American-Jewish editor defends "The Arafat Seekers"

Susie Dym,

לבן ריק
לבן ריק
צילום: ערוץ 7
Susie Dym
Susie Dym serves as spokesperson for Mattot Arim, with over 20 years of expertise on "peace-for-peace" issues.
American-Jewish editor offers fact-deficient defense of Arafat-seekers

Two American rabbis recently generated shock waves by promoting Jewish visits to the grave of  Yasser Arafat, father of modern terrorism. There was outrage. Rank and file Jews like Richard Brook, Carl Sherer, Joseph Davidsohn, Jeffrey Wiesenfeld and Avi White, and many others, hastily took to the e-streets to try and repair the self-respect and decency of American Jewry.

Suddenly however, these hurriedly assembled and ill-equipped infantrymen found themselves under artillery attack. The editor of a New York newspaper, the Jewish Week, rushed in where angels would fear to tread and penned a particularly aggressive attack against –

No --  not against the Arafat-seeking rabbis: Gary Rosenblatt, NYC’s Jewish Week editor, chose instead to attack those bold rank and file Jews who had dared criticize one of the Arafat-seekers. The forthright critics of the shocking Arafat glorification phenomenon were publicly denigrated in the Jewish Week as being harmful, self-righteous, factually inaccurate, publicly vilifying, unseemly, unethical, foster[ing] Jewish enmity not unity, fierce,  and damaging. If you want to find this list of adjectives, read Gary’s work for yourself, here: In contrast, the very same Gary lovingly described one of the Arafat-seekers as: well respected, strong, committed, Zionist, extremely effective, serves his synagogue with distinction, healer, community builder, deeply connected to Israel, eclectic,  thoughtful, creative, sincere, convincing, nuance[d], subtle.

The Jewish Week also scornfully dismissed giving any weight to what they said was going to be a mere ”20-minute stop” at the grave of Arafat. Also, one of the Arafat-seeking rabbis was quoted as saying his intention had been to hold a “serious” and “complex” conversation at the grave, on “who [Arafat] was and what he symbolized”.  Dear Gary, dear brothers on the Jewish Week staff -- either the grave-fest was going to be a mere 20 minutes,  or it was going to be long enough to have a “serious and complex” conversation. You can’t have it both ways.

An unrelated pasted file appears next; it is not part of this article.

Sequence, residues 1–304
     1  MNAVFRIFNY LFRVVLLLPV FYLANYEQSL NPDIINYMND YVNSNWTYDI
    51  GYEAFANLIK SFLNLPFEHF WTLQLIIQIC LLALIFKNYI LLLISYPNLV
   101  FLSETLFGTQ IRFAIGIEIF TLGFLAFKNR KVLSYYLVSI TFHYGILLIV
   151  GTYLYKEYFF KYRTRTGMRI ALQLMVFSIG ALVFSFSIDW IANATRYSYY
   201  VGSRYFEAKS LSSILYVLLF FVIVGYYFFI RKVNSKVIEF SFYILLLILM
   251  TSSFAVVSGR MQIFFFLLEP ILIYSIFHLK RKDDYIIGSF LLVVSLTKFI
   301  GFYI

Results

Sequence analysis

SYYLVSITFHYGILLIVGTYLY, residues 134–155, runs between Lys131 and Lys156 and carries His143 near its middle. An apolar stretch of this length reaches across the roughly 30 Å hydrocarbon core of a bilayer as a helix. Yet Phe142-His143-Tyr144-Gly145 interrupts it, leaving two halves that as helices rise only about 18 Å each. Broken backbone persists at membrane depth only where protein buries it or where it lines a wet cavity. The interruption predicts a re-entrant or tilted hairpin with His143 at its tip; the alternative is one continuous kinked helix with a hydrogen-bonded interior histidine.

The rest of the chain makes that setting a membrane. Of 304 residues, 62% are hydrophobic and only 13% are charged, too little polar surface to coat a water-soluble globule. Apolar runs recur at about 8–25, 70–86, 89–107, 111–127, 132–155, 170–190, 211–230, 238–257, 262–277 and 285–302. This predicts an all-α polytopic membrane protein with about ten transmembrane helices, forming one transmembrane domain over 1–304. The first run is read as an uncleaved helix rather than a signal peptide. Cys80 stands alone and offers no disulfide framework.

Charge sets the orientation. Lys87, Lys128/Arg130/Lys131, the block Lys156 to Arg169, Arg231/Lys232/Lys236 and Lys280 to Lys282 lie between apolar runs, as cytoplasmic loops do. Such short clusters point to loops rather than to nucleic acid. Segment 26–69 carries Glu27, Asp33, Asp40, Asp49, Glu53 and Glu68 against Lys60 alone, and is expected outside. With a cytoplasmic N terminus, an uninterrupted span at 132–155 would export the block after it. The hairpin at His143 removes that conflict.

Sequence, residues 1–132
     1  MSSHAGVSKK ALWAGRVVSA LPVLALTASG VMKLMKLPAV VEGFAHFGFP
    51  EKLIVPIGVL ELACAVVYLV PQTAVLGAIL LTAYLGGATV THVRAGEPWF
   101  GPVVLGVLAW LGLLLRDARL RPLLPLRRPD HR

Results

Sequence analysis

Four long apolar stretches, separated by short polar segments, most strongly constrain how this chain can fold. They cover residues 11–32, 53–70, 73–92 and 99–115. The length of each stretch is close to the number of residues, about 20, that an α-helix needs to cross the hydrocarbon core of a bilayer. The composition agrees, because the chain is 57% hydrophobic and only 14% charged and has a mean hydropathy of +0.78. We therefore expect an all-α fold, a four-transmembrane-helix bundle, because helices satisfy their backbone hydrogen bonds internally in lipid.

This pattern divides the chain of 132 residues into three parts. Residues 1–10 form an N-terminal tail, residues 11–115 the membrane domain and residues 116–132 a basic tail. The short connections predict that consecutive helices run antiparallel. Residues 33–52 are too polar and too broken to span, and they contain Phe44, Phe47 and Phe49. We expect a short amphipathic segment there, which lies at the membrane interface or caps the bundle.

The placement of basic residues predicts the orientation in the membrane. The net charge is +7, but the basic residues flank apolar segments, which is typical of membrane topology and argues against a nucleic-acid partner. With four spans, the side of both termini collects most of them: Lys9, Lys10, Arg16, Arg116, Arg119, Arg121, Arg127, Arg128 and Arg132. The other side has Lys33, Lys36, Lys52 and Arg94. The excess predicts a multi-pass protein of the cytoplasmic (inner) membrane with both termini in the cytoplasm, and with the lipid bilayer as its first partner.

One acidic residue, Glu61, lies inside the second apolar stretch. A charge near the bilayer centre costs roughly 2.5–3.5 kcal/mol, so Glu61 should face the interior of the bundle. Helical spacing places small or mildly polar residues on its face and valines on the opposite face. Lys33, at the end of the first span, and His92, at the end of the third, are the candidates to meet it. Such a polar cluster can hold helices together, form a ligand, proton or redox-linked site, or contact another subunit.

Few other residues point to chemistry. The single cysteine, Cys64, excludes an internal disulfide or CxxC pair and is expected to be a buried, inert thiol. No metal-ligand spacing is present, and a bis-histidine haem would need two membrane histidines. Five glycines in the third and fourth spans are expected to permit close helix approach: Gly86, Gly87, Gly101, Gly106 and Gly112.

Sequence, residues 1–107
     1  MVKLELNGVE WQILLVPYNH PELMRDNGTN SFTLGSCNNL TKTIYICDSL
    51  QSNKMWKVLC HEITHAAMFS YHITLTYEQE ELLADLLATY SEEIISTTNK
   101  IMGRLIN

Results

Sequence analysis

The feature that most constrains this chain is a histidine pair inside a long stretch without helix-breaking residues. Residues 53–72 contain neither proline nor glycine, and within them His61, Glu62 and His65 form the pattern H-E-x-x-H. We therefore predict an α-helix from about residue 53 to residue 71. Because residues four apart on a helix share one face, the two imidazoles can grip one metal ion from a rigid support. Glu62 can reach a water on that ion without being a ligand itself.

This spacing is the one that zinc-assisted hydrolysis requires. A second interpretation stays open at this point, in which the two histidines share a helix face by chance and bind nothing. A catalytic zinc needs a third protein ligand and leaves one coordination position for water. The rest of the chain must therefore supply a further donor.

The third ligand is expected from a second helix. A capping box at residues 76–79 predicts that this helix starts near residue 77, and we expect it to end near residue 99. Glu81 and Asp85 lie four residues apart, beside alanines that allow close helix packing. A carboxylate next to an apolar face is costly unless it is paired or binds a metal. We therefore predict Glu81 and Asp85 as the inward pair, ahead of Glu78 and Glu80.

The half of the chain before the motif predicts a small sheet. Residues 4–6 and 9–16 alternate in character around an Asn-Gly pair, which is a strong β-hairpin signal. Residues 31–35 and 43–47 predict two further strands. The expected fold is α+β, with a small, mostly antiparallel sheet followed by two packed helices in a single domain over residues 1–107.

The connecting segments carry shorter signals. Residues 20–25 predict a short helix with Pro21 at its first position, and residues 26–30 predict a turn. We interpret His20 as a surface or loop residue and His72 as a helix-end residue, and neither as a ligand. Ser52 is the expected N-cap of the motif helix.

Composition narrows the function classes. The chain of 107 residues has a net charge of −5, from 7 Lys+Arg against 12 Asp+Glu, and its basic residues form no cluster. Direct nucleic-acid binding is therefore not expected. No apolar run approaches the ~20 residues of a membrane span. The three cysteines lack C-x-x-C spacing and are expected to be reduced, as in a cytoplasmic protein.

Next, the Jewish Week’s Rosenblatt lectured the Arafat-seeking rabbi’s beleaguered critics for being “factually inaccurate”. They had “use[d] the Internet to smear people and didn’t bother to check facts”, Gary scolded. Worse, they had “no remorse about their verbal attacks” even after they had heard from the Jewish Week that the rabbi is “not affiliated with the left-wing groups they said he belonged to”.  Gary reverently published one of the Arafat-seeking rabbis’ accusations that he had been “defamed” and subjected to “insidious slander”, and also covered the same rabbi’s pathos-laden observation that fact-checking is “a lost art” whereas “a core Jewish belief is giving someone the benefit of the doubt”.

All this because those pilloried by New York’s Jewish Week had gone so far as to write that one of the rabbis had lent his name, support and reputation to T’ruah, Breaking the Silence, the New Israel Fund, and Rabbis Without Borders. The facts, the Jewish Week emphasized, were that the rabbi in question had never been associated with T’ruah, New Israel Fund or Breaking the Silence.

What is funny is that the person who gets the fact-checking booby prize here is actually  Gary himself. The infantrymen, amateurs though they may be, were quite right:

Rabbi Neil Blumofe never associated with the New Israel Fund?? Check out this:   – is that not Rabbi Blumofe prominently featured on the New Israel Fund website??

Rabbi Blumofe never associated either with Tru’ah or with Breaking the Silence? Wrong again: Rabbi Blumofe, as Rosenblatt himself points out, “has been active with ... Rabbis Without Borders”. Check out that organization minimally to find out who is their main or sole subcontractor for “social justice” (sic). Just click here: then click on “social justice”. Which organization pops out? Tru’ah -- exactly. Now go to the Tru’ah website, Which group is mentioned prominently on their home page? Breaking the Silence – exactly.

The moral of the story is this: In this difficult Israel-bashing  era, it is NOT the Jewish Week's job to place Arafat-seeking rabbis on a pedestal.  Gary Rosenblatt needs to start thinking big. He needs to start being a fighter for the Jewish people. That's when big things will start to happen to the rest of us, particularly in Israel, because Gary Rosenblatt is actually  a very clever guy. He is just not using his smarts for the right things.

There was once a Jewish liberal journalist and playwright very much like the Jewish Week’s Rosenblatt, except he lived in Vienna rather than in New York, and his name was Theodor – not Gary. Slowly but surely, this Viennese journalist developed into his true destiny and the rest is Jewish history. In contrast, poor Gary, in New York,  is still stuck on the wrong side of the "is it okay to offer homage to Arafat" issue.

The Jewish world is watching and waiting for Gary – waiting to forgive and forget, if and when he gets his act together. Because “a core Jewish belief is giving someone the benefit of the doubt”.

Mr. Rosenblatt thus far chose not to respond to an advance copy of this post, however the offer to post any comments he may have was genuine and is still open.

This is Susie Dym, spokesperson for Mattot Arim, writing to you from Israel.